Only one thread can poll on a semaphore or a FIFO at a time. If a second thread tries to poll on the same semaphore or FIFO, k_poll() immediately returns with the return value -EADDRINUSE. In that case, if other conditions passed to k_poll() were met, their state will be set in the corresponding poll event.

In case of success, k_poll() returns 0. If it times out, it returns -EAGAIN.

// assume there is no contention on this semaphore and FIFO
// -EADDRINUSE will not occur; the semaphore and/or data will be available

void do_stuff(void)
{
    rc = k_poll(events, 2, 1000);
    if (rc == 0) {
        if (events[0].state == K_POLL_STATE_SEM_AVAILABLE) {
            k_sem_take(events[0].sem, 0);
        } else if (events[1].state == K_POLL_STATE_FIFO_DATA_AVAILABLE) {
            data = k_fifo_get(events[1].fifo, 0);
            // handle data
        }
    } else {
        // handle timeout
    }
}

When k_poll() is called in a loop, the events state must be reset to K_POLL_STATE_NOT_READY by the user.

void do_stuff(void)
{
    for(;;) {
        rc = k_poll(events, 2, K_FOREVER);
        if (events[0].state == K_POLL_STATE_SEM_AVAILABLE) {
            k_sem_take(events[0].sem, 0);
        } else if (events[1].state == K_POLL_STATE_FIFO_DATA_AVAILABLE) {
            data = k_fifo_get(events[1].fifo, 0);
            // handle data
        }
        events[0].state = K_POLL_STATE_NOT_READY;
        events[1].state = K_POLL_STATE_NOT_READY;
    }
}

Using k_poll_signal_raise()

One of the types of events is K_POLL_TYPE_SIGNAL: this is a “direct” signal to a poll event. This can be seen as a lightweight binary semaphore only one thread can wait for.

A poll signal is a separate object of type struct k_poll_signal that must be attached to a k_poll_event, similar to a semaphore or FIFO. It must first be initialized either via K_POLL_SIGNAL_INITIALIZER() or k_poll_signal_init().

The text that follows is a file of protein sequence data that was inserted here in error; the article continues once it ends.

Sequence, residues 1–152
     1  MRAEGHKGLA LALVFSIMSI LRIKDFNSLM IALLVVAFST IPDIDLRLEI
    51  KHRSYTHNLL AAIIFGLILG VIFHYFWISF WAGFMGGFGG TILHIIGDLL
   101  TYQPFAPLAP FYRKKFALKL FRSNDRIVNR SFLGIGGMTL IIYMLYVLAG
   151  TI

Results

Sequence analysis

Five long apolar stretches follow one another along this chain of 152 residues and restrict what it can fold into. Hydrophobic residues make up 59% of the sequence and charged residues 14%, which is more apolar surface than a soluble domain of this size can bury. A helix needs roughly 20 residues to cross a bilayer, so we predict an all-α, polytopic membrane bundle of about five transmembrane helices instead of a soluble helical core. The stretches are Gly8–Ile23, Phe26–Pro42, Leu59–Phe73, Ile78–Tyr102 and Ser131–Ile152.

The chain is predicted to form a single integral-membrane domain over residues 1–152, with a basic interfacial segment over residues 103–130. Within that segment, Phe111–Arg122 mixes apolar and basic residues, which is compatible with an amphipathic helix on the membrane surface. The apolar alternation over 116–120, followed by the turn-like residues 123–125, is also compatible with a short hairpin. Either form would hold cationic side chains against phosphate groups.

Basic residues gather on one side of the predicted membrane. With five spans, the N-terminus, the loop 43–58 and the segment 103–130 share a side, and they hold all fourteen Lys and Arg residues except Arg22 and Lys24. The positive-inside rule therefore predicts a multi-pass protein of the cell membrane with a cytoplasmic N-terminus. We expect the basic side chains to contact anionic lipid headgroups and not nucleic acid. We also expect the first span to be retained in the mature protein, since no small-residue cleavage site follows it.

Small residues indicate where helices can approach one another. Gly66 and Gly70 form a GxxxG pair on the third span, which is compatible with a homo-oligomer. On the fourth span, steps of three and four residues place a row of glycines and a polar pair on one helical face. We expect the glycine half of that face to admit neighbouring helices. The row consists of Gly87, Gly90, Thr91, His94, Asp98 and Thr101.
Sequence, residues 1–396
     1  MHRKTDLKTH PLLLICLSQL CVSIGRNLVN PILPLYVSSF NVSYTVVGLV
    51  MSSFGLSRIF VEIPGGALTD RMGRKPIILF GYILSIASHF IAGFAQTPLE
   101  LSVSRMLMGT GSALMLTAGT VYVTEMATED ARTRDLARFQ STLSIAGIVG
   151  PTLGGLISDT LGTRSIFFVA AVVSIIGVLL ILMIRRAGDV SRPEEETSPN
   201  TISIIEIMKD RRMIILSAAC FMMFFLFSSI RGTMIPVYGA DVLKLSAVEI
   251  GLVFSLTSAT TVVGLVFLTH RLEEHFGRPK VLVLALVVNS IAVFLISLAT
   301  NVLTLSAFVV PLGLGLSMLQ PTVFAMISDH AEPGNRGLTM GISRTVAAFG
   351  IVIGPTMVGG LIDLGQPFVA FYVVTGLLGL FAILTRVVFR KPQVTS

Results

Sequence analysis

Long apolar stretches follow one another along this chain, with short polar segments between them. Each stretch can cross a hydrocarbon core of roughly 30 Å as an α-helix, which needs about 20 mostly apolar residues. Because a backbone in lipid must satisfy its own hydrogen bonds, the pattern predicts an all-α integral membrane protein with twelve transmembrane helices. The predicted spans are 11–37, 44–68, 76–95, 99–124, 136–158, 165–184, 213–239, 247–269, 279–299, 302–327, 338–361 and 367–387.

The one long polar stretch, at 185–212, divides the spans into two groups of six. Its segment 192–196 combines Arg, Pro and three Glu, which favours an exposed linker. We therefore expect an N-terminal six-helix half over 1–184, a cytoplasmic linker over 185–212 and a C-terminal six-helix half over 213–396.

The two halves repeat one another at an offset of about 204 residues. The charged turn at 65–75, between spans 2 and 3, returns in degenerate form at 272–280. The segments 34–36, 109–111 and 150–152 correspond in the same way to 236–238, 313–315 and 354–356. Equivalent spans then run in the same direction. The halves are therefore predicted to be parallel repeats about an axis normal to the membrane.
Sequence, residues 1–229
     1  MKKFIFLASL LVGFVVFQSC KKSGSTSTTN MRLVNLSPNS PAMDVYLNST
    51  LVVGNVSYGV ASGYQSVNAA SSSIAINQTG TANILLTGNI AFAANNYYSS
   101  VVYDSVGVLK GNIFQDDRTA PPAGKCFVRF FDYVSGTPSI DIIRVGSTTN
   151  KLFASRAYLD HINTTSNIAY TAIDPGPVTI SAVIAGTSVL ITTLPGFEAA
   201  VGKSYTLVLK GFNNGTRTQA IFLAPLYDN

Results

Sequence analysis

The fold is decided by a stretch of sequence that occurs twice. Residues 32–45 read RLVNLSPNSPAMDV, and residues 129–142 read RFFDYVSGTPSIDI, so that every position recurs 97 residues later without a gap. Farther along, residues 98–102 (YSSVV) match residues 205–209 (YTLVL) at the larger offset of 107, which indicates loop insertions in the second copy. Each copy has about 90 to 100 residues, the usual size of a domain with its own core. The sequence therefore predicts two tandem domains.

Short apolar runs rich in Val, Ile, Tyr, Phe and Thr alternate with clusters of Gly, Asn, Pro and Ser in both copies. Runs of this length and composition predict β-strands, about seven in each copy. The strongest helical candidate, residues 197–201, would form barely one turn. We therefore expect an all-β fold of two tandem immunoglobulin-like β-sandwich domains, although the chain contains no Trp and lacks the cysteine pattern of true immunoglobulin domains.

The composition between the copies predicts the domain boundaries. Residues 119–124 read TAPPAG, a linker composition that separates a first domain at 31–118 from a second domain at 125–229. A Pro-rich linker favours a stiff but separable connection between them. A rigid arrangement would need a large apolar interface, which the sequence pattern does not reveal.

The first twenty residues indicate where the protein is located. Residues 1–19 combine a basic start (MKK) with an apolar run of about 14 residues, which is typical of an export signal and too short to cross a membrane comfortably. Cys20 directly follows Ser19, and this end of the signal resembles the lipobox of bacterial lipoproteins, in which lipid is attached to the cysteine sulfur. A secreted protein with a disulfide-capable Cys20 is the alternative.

struct k_poll_signal signal;
void do_stuff(void)
{
    k_poll_signal_init(&signal);
}

It is signaled via the k_poll_signal_raise() function. This function takes a user result parameter that is opaque to the API and can be used to pass extra information to the thread waiting on the event.

struct k_poll_signal signal;

// thread A
void do_stuff(void)
{
    k_poll_signal_init(&signal);

    struct k_poll_event events[1] = {
        K_POLL_EVENT_INITIALIZER(K_POLL_TYPE_SIGNAL,
                                 K_POLL_MODE_NOTIFY_ONLY,
                                 &signal),
    };

    k_poll(events, 1, K_FOREVER);

    if (events.signal->result == 0x1337) {
        // A-OK!
    } else {
        // weird error
    }
}

// thread B
void signal_do_stuff(void)
{
    k_poll_signal_raise(&signal, 0x1337);
}

If the signal is to be polled in a loop, both its event state and its signaled field must be reset on each iteration if it has been signaled.

struct k_poll_signal signal;
void do_stuff(void)
{
    k_poll_signal_init(&signal);

    struct k_poll_event events[1] = {
        K_POLL_EVENT_INITIALIZER(K_POLL_TYPE_SIGNAL,
                                 K_POLL_MODE_NOTIFY_ONLY,
                                 &signal),
    };

    for (;;) {
        k_poll(events, 1, K_FOREVER);

        if (events[0].signal->result == 0x1337) {
            // A-OK!
        } else {
            // weird error
        }

        events[0].signal->signaled = 0;
        events[0].state = K_POLL_STATE_NOT_READY;
    }
}

Suggested Uses

Use k_poll() to consolidate multiple threads that would be pending on one object each, saving possibly large amounts of stack space.

Use a poll signal as a lightweight binary semaphore if only one thread pends on it.

Note

Because objects are only signaled if no other thread is waiting for them to become available and only one thread can poll on a specific object, polling is best used when objects are not subject of contention between multiple threads, basically when a single thread operates as a main “server” or “dispatcher” for multiple objects and is the only one trying to acquire these objects.

Configuration Options

Related configuration options: